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Re: theos-l digest: September 24, 1999

Sep 26, 1999 10:18 PM
by kymsmith

Grigor wrote:

>Subject: The theosophy of potatoes
>Then maybe, according to theosophy, there isn't two ultimate
>destinations or final ends.  Some will become French Fries, some
>au gratin, some mashed, smashed, or hashed, some boiled,
>some baked, some dutch oven Holland potatoes, potato salad,
>chips, flour, bread, vodka (a true transformation - ah, Ketel One),
>and some, well, just rotten.....

I see. Talk to the people in their own language!  Gotcha!  Know one's

>Maybe the only thing statistics finds is more statistics.  Maybe its
>in modern world that isn' t what it used to be. In old country, it involves
>almost whole village as in-laws, cousins, and relatives of one degree or

Well, again, even in the "old days" marriage still proved an early death
for most women.  Spousal abuse is not a modern phenomenon - having one's
family around usually kept a women in her place, rather than serving as a
woman's advocate.

>But basically,
>such sayings mean you can't choose your life circumstances, so learn from
>and that a single day out of your life reveals much about your life.

I understand; however, we can choose some of our life's circumstances -
today, unlike the past, both males and females in Western society can
freely choose to marry or not.  Women have yet to gain that right in some
Islamic countries.

Some people have no business being married or having children, no matter
what life lessons they may glean from them.  It is not ONLY the individual
that is involved, it is those who will enter into the circumstance with
them (husband, wife, children, dog, cat, bird).  If a man can learn
patience in a marriage, but it requires a woman (or a male partner if he is
gay) to endure abuse while the individual learns the lesson of patience,
well, to me, this avenue is the wrong one.  Just because some circumstance
of life will teach you something doesn't mean you should embark upon that
path - one must consider the pain that will be inflicted upon OTHERS.  I do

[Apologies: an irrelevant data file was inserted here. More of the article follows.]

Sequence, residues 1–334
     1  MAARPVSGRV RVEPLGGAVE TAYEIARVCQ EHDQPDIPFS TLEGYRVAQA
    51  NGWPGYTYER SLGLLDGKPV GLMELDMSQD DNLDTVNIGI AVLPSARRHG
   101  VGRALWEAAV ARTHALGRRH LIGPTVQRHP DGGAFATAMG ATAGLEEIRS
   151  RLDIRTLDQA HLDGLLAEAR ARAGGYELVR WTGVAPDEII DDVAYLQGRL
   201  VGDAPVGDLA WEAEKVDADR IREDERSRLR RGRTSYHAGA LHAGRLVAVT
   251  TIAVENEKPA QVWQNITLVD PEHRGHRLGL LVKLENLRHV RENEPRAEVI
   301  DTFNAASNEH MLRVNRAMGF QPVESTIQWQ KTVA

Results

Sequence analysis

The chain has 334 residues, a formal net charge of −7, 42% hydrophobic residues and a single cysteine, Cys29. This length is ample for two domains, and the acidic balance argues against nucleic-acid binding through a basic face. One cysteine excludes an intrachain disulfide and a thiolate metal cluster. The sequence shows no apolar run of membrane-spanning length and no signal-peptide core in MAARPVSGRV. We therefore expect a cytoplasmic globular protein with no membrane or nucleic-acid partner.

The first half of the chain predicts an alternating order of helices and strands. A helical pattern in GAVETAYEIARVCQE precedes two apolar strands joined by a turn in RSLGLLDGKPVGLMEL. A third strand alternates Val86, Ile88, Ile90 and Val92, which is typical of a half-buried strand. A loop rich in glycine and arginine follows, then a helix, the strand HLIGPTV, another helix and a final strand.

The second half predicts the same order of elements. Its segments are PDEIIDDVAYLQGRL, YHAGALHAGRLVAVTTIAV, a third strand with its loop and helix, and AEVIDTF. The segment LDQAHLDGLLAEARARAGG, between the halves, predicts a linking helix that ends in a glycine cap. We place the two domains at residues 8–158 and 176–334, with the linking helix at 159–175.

not agree that we must accept ALL of a person's "warts, lumps, and bumps" -
if society or we as individuals were to actually do that, what purpose
would there be for a person to advance themselves?  If we accepted people
and circumstances as they are, then the concept of "challenge and change"
would become obsolete.  I realize it is a very fine line between a person's
'right to be' and the 'needs of society' - but neither complete liberty nor
complete authoritarianism will work.  We, as a world, must somehow figure
out how to demand the "best" from everyone while still maintaining

Now, specifically about my complaint about the quote (not you personally):
As a woman, I so tire of writings, be them political, spiritual, cultural,
theosophical, that tend to revolve around the perspectives of men.  Too
frequently the most accepted and often quoted statements do not really
apply to women's lives and their circumstances.  It continues to amaze me
that Theosophy, which was "founded" by a woman, managed to form itself into
a male-oriented and male-dominated philosophy - especially since the
existence of the Gigantic males of theosophy (the Mahatmas) hasn't been
proven.  The only "expert" we know of for sure in Theosophy is a female.  I
guess we, as a society, would rather place possible imaginary males in the
"highest" of positions then a real, poke-with-a-stick female.  Perhaps HPB
knew more about current human psychology than we give her credit for. . ..

Anyway, thanks for the advice on my "class" problem.


P.S. To Alan:  Give them "Kym's rendition?"  Ok, well, if anything
horrifying happens, I'll tell the authorities that I was only following
your command.  That will surely prove to be a "get out of jail free" card.

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